“To me this is not ridiculous, because it is what I believe in. This is what I am”
Why did you continue?
There was another film: “Beat Street” (1984); it showed the hip-hop culture in a deeper way. The characters were like survivors ⸺boys who, through graffiti, dance and music, expressed a misunderstood art⸺ a reflection of real life! I said to myself, “I want to be like them, to fight for what I dream and feel, and to grow stronger in my art”.
Those were bad times for Peru, terrorism was already beating Lima. Was breakdancing your way to fight fear and uncertainty?
Yes, but I did not know. One night, after midnight, two police officers stopped me. There was a curfew, so they asked me where I was going. I told them I was going home from dancing, but they did not believe me. I danced for them right there on the street and without music. One laughed, but the other said, “Well done, lad, keep it up”. I had to! To me this is not ridiculous, because it is what I believe in. This is what I am.
Today you are a role model for many young people.
Well, yes. I blame fate (laughs)...
You have received some of the nicest tokens of appreciation from parents whose children you teach this art.
I appreciate that they entrust me with their children, and that the boys speak so well of me.
A wrong look could link your art with gangs, law-breaking, drugs.
As kids grow up, they learn about the vices around them and they do not want to be out of tune. I have had a hard time explaining to them that there are other alternatives, but I think I have made myself clear because many of them ⸺now with their own children⸺ have thanked me.
Through dance, you have touched their lives.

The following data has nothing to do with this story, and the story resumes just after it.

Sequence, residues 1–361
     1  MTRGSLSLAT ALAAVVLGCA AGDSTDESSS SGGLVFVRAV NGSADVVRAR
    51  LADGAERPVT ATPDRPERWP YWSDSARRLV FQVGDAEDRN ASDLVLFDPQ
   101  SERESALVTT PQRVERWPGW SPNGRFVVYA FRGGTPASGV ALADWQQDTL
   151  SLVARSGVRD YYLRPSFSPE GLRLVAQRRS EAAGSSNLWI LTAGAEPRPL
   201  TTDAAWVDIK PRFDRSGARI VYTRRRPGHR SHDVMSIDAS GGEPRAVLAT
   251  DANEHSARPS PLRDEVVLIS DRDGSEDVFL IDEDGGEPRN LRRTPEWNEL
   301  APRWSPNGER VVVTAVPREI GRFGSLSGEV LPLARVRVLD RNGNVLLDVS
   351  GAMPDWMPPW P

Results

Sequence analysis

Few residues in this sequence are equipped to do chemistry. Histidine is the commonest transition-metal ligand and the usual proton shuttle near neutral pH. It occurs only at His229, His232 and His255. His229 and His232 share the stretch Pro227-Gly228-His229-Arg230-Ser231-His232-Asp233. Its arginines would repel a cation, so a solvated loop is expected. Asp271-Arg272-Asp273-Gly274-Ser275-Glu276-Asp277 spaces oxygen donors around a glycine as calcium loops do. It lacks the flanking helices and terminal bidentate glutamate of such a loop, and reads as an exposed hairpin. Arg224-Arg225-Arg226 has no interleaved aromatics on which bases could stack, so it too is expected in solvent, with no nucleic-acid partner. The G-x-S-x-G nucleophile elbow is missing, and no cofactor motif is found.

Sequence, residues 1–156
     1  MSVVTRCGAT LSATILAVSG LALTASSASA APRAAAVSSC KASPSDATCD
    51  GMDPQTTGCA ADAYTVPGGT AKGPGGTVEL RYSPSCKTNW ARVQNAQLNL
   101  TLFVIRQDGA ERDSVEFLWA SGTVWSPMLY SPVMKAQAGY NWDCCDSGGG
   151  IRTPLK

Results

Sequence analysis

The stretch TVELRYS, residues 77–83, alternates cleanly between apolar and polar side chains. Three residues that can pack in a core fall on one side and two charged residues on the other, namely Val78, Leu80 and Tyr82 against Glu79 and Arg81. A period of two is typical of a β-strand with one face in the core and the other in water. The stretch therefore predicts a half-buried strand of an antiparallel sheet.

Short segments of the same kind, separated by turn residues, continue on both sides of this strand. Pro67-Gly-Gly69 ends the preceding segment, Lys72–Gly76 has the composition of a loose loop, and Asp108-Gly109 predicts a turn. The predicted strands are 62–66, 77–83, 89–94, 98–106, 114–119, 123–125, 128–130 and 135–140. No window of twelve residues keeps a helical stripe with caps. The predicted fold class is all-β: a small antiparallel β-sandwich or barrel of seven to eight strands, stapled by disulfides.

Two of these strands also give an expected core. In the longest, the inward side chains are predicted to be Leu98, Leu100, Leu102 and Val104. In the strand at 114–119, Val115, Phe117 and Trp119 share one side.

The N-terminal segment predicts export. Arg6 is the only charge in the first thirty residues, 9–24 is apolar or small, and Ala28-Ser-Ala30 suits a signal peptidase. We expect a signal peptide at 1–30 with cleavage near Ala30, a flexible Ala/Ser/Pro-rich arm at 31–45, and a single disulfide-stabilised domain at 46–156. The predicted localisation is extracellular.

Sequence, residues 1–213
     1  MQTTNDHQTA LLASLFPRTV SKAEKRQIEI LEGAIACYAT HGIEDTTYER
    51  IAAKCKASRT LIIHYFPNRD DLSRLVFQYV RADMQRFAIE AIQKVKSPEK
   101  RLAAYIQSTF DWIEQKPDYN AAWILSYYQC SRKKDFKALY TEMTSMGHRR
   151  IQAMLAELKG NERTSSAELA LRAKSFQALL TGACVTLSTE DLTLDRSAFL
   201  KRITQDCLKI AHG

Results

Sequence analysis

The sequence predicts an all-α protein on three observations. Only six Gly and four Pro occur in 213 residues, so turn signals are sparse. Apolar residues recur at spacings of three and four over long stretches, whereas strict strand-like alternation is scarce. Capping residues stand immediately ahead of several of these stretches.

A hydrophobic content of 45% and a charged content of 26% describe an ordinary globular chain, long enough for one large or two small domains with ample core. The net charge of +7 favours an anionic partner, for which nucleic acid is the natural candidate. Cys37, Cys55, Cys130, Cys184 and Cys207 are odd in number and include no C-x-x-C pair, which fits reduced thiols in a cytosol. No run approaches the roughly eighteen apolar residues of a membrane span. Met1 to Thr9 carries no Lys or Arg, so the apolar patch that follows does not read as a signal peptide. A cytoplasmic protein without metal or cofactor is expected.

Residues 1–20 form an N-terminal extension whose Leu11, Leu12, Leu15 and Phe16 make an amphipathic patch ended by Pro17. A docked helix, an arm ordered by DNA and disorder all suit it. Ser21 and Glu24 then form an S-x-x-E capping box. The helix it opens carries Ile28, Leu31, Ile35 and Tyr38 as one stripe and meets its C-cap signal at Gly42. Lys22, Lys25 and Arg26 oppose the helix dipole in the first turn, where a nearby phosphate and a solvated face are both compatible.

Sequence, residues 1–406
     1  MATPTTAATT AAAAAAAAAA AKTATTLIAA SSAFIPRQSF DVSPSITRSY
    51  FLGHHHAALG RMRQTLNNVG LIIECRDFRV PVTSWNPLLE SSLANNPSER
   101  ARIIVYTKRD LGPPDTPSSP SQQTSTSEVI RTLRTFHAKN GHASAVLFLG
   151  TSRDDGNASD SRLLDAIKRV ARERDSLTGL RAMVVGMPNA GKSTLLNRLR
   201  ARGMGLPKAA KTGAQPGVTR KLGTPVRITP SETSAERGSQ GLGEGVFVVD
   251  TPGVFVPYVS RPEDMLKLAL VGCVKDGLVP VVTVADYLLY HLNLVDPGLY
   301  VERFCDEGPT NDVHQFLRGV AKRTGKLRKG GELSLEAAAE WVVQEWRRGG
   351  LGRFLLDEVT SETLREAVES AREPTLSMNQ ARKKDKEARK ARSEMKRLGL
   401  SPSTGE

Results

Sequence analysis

You can do it through any art or sport. They need support... Parents at first find it difficult to understand, but then learn to appreciate it.
Is there anything you remember fondly?
When the Peruvian Hip-Hop Movement was founded at the Chabuca Granda amphitheatre, in the district of Miraflores, there was this little boy who would sit and watch us dance until his father went for him after work. We used to sell cassettes with the music we danced, and one day the child asked his dad to buy one. He did not, but once at home the father showed the boy his own breakdance cassettes. He used to be a breaker! How do I know that? Because he approached me and congratulated me for what we did with the boys. “I thought this wasn’t happening anymore. When I got married, I hid my cassettes because my wife wanted me to dump them. But I knew ⸺don’t ask me why!⸺ that someday I’d need them again and now they’re my son’s”.
Some parents have thanked me after having seen their children dance: “I thought he was shy. I didn’t know he could move like this! Is there anything I can do to support you?” When that happens, I blush, because I think it is not such a big deal...
But it is, isn’t it?
Well, yes... I am aware now of the effect it has.
If not for profit, why do you do it?
Because it saves lives. It saves me, it saves others... and I like saving others.